It would be nice to get that next Thomas Jefferson in Fayette County sometime soon as we can unquestionably use the third vote to acquire term limits and 24-hour notice on any agenda item being voted on by the Board of Commissioners.

Steve Brown

Fayette County Commissioner, Post 4

CommissionerBrown@fayettecountyga.gov

Peachtree City, Ga.

911inside
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County Commissioners, Term Limits, Public Notice, East Bypass

The list goes on and on with my disappointment on the decisions these guys make. 24 hours notice to the public on a vote is ridiculous but that's how it'll be cuz they said so.

I'm let down again at the land grabs for the West and East bypasses and the Corinth Road bottle neck which will occur and only create more congestion within the County. Love that red light between the hospital and Tyrone Road. I had always hoped someone would put a road and a red light there.

I can only hope and pray that Heaven above will bring condemnation on this squandering of public money. In the meantime, living for 2012 to get 3 of them out of here.

Davids mom
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Term Limits

Mr. Brown's reasons for wanting term limits are sound. However - often what term limits accomplish is an un-elected staff person with more knowledge and 'power' than an elected official. I'm sure that this can be handled ethically - just haven't seen it done lately unless the newly elected person enters the office with knowledge of what has gone on before - and hires a trusted and knowledgeable staff person.

johenry
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Silly Hearn

His had to be one of the dumbest comments in recent local political history. He should make sure his brain is engaged before putting his mouth in gear. No wonder he got canned in Fayette County.

tortugaocho
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Agreed---Hearn is underequipped

But that is not even the main problem. Lots of average folks serve. His problem is that he has bedded down with the "build more roads" folks and he won't give it up. That's Hearn's main problem. The comment about Jefferson? Reminds me of many of the dumb things Annie McMenamin used to say.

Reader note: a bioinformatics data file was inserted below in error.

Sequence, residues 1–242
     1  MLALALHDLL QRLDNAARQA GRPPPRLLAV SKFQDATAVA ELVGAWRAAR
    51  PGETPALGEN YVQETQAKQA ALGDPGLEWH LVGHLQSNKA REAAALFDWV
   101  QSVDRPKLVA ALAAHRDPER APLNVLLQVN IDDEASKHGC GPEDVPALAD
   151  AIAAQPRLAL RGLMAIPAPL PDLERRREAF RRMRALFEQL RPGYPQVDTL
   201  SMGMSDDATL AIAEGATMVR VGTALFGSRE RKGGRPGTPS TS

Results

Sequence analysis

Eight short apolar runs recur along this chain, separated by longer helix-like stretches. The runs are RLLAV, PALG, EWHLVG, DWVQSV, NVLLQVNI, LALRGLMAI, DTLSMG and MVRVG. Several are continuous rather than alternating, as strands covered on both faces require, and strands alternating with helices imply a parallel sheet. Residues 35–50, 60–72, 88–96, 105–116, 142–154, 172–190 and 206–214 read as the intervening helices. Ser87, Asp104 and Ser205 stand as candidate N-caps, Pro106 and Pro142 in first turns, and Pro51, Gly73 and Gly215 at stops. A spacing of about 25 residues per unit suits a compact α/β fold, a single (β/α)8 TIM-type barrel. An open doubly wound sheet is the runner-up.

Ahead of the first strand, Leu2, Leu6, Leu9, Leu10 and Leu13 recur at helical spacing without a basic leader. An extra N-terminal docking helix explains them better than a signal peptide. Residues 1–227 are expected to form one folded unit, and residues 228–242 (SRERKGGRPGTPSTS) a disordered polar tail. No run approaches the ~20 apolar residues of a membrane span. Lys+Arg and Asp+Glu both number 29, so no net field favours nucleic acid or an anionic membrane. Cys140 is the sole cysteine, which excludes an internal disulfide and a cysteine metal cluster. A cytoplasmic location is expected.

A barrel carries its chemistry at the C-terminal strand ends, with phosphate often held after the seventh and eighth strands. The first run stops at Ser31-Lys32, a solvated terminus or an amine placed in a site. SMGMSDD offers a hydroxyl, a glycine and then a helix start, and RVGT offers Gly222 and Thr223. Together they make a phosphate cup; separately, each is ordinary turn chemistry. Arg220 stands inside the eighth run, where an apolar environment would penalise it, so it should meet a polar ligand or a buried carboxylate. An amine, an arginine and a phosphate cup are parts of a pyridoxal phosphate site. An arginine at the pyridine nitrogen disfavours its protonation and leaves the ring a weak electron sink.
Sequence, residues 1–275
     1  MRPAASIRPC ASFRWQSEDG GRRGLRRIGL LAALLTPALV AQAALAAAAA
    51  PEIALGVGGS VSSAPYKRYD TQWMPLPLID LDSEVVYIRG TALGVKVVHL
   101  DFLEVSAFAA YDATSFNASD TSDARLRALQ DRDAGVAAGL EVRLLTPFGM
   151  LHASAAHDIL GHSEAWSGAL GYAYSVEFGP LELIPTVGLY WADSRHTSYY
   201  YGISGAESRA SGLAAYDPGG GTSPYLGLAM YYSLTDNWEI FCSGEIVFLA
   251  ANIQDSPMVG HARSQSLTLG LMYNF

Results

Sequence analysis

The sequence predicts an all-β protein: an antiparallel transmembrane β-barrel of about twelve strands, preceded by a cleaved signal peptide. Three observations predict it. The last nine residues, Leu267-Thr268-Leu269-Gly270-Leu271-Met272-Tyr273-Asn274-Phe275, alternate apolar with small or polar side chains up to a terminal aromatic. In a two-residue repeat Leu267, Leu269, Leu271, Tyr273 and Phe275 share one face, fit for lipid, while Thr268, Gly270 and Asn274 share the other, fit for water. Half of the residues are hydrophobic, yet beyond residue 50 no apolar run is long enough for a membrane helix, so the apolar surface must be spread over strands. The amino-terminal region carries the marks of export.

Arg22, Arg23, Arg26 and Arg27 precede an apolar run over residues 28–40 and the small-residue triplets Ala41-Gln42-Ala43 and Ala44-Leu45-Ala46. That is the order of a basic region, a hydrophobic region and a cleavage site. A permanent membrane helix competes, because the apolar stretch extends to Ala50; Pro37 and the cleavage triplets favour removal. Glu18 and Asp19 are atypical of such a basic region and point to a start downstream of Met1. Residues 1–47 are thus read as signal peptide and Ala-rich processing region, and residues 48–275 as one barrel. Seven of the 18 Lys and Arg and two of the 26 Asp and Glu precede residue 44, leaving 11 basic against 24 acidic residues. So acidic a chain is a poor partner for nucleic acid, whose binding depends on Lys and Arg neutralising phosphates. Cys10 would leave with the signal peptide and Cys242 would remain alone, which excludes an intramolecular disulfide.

AtHomeGym
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Lee Hearn & "underequipped"

You don't graduate from GA Tech & pass the exam to get "PE" after your name by being "underequipped"--now when and how one uses what one is equipped with is a different issue. And BTW, we didn't need term limits to get rid of Smith & Maxwell, did we?

ginga1414
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Public Officials

A few public officials take their positions seriously but the majority of our public officials just say the first thing that pops into their heads.

Obviously, Thomas Jefferson was a wise man because we are still relying on his wisdom today.

The difference in a public official who takes his position seriously and one who doesn't is obvious here.

There is substance to what Steve Brown bases his thoughts on. Lee Hearn just says the first thing that pops into his head.

Thanks, Mr. Brown, for caring about this county and her people! Thanks, Thomas Jefferson, for leaving us your wisdom.

roundabout
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GINGA Morgan

See you also think Thomas Jefferson was worthy of ignoring all of his weaknesses.
Much of what he did wrong was wrong then as well as currently.
Principles such as women's rights, slavery, infidelity--especially with a slave, did not take care of his slave children, classes of people (can't vote unless you have significant property, loved the Parisian females, drank excessively, and was a traitor to his country (British Empire).

His part in the writing of the Constitution has been amended more than was there originally (which was changed a lot during the writing process by others, and there are many yet who want to amend it further--(children born here not citizens--children!), clear up the gun toting right to individuals instead of a militia, and on and on.